I had visited Suleymaniye Mosque many times before. As the eye sees the same thing over and over, it sometimes forgets the significance. I was worried that I would not be able to see Suleymaniye for what it was, but only as an familiar attachment to the skyline I am accustomed to. [The trip of a software engineer (and two architects), Chapter 03: Part II]
Sultan Suleyman reigned over the most powerful Ottoman Empire of all times, when the empire was the single great power of the world. Mimar Sinan was his chief architect. …
I imagine Istanbul to be a mystical gypsy woman, just as you think you get a hang of it, Istanbul will unveil new surprises.
[The trip of a software engineer (and two architects), Chapter 03, Part I]
Istanbul is an old city, and it has many details from different eras that the eye may not see even if you look at it for a long time. And once you start seeing them, you get curious about the nature of the fabric that makes Istanbul which keeps decades of details in harmony.
Our time in Istanbul had this feeling: I grew…
This was the first time I was in the house of a living architect, not as a friend or an acquaintance, but as an interviewer. I was excited yet terrified. Would I understand the architect talk? Even though I was with my project partners who are architects, I still felt the pressure.
Furthermore, just to add to the mix, this architect was no ordinary architect (if there is a such a thing), she is the first female architect to build a mosque, ever, from ground up including its interior design.
Nermin Ozkok is a Turkish architect in her late 50s…
There is a hope for when you are approaching to the birth house of a genius. It is mixed with admiration, curiosity and a touch of jealousy. It feels as if you are about to find clues about the grand picture of human race. Your walk hastens and as you turn the corner which leads to the house, a surprise is waiting for you.
[The trip of a software engineer (and two architects), Chapter 02, Part I]
Mimar Sinan built 300+ major structures, he was the head architect for 3 sultans of Ottoman Empire over…
Cappadocia is over the ground as much as it is under the ground. Endless valleys of carved dwellings in tuff mountains extend in all directions. They did not raze and rebuild cities, they just used the same carved residences.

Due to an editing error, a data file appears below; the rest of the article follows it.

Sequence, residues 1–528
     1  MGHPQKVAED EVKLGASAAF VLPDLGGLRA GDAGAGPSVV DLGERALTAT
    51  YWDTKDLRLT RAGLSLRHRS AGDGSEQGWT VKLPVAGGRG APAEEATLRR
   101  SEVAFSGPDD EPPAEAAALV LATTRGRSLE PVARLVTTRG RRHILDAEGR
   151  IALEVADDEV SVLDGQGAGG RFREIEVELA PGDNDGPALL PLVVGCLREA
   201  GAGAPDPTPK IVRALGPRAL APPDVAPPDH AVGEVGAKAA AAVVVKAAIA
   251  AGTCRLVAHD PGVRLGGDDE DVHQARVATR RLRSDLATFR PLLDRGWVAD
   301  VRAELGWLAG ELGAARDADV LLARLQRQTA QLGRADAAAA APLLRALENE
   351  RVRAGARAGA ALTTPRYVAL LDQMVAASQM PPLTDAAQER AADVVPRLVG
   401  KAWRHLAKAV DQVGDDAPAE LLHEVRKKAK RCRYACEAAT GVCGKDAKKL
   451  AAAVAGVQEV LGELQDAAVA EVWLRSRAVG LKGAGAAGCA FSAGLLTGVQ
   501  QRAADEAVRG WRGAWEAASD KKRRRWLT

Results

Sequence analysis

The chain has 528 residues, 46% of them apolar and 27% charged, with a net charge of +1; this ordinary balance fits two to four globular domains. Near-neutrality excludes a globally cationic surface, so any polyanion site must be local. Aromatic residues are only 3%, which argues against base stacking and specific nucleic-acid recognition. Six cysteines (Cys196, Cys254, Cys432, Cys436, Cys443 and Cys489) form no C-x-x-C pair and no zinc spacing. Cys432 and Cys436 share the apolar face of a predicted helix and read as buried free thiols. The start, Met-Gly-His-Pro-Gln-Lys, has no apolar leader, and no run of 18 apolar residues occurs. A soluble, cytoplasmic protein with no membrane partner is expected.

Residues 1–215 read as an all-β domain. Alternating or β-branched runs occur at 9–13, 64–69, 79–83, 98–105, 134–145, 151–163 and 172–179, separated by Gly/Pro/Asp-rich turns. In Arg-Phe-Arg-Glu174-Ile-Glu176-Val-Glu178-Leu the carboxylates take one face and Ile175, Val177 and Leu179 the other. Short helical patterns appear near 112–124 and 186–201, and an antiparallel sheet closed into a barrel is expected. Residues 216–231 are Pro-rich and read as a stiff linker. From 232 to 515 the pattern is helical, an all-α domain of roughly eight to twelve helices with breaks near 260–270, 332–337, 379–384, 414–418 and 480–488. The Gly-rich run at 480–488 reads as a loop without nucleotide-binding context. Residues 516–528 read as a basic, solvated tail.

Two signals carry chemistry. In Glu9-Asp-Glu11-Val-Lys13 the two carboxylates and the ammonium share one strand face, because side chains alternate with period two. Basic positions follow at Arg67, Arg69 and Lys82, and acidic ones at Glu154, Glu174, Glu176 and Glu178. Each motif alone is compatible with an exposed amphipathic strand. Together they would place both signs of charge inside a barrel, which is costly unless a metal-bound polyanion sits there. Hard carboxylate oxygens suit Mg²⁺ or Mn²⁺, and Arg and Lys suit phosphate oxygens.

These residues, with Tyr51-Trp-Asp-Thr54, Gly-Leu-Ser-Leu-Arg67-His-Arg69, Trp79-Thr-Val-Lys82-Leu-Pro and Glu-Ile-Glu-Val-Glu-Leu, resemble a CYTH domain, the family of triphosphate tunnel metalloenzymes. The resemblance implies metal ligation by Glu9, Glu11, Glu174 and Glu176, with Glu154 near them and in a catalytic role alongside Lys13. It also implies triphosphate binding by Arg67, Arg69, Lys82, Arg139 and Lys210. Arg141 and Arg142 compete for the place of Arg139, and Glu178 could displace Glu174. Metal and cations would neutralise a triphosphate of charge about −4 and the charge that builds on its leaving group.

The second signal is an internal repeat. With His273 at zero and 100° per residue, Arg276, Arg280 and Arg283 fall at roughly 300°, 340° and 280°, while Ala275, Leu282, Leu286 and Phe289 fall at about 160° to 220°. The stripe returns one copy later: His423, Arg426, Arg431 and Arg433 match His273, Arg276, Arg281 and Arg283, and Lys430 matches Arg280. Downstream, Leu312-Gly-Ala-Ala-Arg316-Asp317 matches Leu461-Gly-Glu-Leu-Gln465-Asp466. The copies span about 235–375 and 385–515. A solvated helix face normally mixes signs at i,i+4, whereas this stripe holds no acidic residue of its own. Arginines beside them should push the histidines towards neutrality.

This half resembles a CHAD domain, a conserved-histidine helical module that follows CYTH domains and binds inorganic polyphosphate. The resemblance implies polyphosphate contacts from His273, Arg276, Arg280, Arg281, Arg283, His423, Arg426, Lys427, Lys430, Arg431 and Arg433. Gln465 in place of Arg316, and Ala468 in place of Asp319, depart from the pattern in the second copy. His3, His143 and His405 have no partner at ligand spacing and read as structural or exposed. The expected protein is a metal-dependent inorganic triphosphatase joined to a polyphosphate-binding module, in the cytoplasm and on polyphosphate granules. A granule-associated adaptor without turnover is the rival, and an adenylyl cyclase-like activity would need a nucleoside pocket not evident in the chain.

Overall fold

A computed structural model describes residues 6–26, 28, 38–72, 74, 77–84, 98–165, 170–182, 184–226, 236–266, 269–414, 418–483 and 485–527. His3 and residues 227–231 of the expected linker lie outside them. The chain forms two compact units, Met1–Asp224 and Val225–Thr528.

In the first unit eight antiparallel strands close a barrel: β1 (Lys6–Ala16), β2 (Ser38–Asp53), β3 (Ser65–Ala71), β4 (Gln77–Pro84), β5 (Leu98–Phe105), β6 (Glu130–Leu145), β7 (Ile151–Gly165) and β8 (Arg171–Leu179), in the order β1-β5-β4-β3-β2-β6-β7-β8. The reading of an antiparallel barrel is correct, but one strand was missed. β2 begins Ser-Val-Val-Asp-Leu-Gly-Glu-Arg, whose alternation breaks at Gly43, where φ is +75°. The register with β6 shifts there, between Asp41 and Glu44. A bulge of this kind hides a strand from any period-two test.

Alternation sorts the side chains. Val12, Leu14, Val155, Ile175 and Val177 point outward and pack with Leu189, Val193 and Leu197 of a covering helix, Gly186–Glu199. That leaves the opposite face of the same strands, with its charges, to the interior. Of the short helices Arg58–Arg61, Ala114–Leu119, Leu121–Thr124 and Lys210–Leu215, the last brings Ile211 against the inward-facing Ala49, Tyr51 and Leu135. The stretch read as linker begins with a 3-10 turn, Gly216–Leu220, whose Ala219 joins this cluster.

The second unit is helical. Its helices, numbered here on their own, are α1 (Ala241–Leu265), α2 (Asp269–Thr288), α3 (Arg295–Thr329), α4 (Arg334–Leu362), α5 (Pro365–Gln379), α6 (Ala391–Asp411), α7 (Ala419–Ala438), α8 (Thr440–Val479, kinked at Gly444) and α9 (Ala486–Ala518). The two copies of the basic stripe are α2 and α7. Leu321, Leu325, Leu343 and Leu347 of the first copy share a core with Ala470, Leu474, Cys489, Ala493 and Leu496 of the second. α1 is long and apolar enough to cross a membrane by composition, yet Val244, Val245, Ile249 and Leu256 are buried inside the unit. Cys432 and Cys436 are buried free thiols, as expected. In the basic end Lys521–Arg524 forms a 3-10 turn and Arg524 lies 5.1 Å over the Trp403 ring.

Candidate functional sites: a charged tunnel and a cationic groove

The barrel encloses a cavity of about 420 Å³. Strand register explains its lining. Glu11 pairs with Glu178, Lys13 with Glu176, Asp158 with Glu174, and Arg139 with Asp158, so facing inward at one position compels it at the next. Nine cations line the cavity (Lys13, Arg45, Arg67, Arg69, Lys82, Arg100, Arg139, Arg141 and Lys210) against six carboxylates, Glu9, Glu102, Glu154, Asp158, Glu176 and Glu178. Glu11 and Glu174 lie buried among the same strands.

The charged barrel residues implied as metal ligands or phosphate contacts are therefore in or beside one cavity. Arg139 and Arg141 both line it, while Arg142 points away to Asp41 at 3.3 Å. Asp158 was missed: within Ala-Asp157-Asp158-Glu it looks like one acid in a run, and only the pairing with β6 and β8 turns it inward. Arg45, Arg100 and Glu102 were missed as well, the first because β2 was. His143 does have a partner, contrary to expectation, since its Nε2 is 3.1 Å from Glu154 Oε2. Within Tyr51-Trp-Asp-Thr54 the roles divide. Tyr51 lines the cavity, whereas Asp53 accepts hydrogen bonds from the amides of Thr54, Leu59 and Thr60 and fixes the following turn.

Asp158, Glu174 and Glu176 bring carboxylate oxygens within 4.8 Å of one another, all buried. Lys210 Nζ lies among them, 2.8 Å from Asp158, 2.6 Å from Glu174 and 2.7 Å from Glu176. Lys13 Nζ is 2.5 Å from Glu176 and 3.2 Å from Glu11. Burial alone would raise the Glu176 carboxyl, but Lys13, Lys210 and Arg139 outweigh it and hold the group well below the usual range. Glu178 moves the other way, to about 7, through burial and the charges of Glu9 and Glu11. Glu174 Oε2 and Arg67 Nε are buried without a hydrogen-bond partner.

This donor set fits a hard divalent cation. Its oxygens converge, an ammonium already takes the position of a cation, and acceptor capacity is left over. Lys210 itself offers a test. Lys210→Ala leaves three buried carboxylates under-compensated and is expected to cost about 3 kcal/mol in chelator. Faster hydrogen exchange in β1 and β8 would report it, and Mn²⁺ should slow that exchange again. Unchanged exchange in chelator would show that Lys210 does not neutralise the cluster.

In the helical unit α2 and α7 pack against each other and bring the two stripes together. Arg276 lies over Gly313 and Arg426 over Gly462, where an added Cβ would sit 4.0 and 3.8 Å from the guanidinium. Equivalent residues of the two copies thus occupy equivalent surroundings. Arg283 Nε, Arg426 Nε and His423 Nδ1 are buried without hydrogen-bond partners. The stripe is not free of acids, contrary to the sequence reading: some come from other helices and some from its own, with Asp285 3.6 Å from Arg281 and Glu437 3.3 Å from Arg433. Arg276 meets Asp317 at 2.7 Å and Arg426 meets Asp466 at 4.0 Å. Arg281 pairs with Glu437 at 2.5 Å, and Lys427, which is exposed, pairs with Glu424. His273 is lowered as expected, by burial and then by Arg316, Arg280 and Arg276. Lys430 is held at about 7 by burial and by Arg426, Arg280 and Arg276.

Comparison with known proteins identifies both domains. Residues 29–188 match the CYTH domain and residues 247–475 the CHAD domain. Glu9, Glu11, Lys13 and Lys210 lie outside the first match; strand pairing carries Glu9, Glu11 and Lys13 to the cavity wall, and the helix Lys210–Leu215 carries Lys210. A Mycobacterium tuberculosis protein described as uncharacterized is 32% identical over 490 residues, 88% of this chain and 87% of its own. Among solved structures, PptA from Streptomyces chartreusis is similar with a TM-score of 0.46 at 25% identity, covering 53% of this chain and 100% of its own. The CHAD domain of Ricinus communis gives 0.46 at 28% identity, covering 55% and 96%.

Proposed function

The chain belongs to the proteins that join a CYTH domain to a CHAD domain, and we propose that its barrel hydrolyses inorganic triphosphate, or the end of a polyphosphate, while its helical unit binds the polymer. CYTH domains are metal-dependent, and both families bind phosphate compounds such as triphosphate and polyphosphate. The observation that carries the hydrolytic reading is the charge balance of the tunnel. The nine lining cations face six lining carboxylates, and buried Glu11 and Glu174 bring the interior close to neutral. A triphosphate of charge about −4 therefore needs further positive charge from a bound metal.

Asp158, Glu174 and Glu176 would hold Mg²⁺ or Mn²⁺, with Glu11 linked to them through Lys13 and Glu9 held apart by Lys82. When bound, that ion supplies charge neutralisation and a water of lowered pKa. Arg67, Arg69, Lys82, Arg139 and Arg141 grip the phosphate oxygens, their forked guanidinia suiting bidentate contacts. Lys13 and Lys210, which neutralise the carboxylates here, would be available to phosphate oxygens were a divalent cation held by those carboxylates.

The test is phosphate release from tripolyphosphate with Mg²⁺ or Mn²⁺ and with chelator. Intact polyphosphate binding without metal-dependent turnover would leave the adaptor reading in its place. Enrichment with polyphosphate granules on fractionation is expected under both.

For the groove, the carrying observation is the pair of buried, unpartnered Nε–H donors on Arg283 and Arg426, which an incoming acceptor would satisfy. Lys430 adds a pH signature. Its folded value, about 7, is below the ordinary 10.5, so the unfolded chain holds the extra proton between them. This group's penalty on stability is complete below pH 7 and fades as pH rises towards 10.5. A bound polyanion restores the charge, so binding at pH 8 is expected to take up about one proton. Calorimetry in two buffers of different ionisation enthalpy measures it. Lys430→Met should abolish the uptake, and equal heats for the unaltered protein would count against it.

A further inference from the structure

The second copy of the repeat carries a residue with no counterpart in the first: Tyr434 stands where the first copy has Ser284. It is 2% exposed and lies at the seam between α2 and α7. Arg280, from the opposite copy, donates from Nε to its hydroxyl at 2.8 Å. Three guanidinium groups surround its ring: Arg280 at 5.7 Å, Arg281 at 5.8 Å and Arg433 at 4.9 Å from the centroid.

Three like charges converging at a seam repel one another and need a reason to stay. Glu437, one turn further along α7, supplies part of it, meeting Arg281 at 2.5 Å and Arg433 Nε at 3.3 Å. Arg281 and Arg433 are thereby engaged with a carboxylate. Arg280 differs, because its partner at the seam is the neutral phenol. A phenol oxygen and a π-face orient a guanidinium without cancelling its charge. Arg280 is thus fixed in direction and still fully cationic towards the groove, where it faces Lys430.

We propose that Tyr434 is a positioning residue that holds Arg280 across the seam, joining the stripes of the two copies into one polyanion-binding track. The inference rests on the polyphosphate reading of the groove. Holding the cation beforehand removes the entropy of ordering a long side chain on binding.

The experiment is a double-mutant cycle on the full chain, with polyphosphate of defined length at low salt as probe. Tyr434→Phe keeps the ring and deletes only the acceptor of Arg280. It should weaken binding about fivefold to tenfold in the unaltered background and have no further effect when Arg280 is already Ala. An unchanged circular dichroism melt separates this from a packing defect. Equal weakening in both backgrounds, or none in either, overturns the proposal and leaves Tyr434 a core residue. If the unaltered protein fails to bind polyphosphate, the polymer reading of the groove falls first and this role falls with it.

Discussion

[The trip of a software engineer (and two architects), Chapter 01, Part III]
Imagine your house being built 3000 years ago.
Now, imagine using the same kitchen that cooked thousands of dinners for thousands of people, eating at the same stone tables that listened similar stories in different languages. This is a different living mode.
For thousands of years, architects and craftsmen decorated their buildings with intricate symbols. Sometimes they got influenced from neighboring civilizations. Sometimes they invented new ones. But every culture added their own mark. They tried different patterns. They tried different colors. Thousands of years of human endeavor created countless designs in the buildings of the world. [The trip of a software engineer (and two architects), Chapter 01: Part II]
By Baris Yuksel
For thousands of years, architects and craftsmen decorated their buildings with intricate symbols. Sometimes they got influenced from neighboring civilizations. Sometimes they invented new ones. But every culture added…
Not in a million years, I would think about carving a house into a mountain. But you could actually carve your house into a mountain, complete with a kitchen, bathroom, and everything else, without power tools. You don’t have to be crazy to do that. You just need a mountain which is soft inside and hard outside.
[The trip of a software engineer (and two architects), Chapter 01, Part I]
Something that holds against rain and storms, but when you chisel the surface, it becomes so soft that you can use even your fingernails to shape the stone. …
Last week, I took sabbatical from Google for the rest of 2015. I’m embarking on a trip with two architects to decode the architectural patterns in ancient buildings in Central Asia and build an open source software library.
I don’t know much about architecture. I don’t know if we will be successful. But I have a feeling this can be done.
When I was a little kid, I had a Commodore 64 computer. I loved that computer. I loved it because of the games. But also, I was inspired that someone just wrote some code and made those games. …
De-coding + Re-coding Architectural History. A journey of two architects and a software engineer to decode architectural patterns in ancient buildings.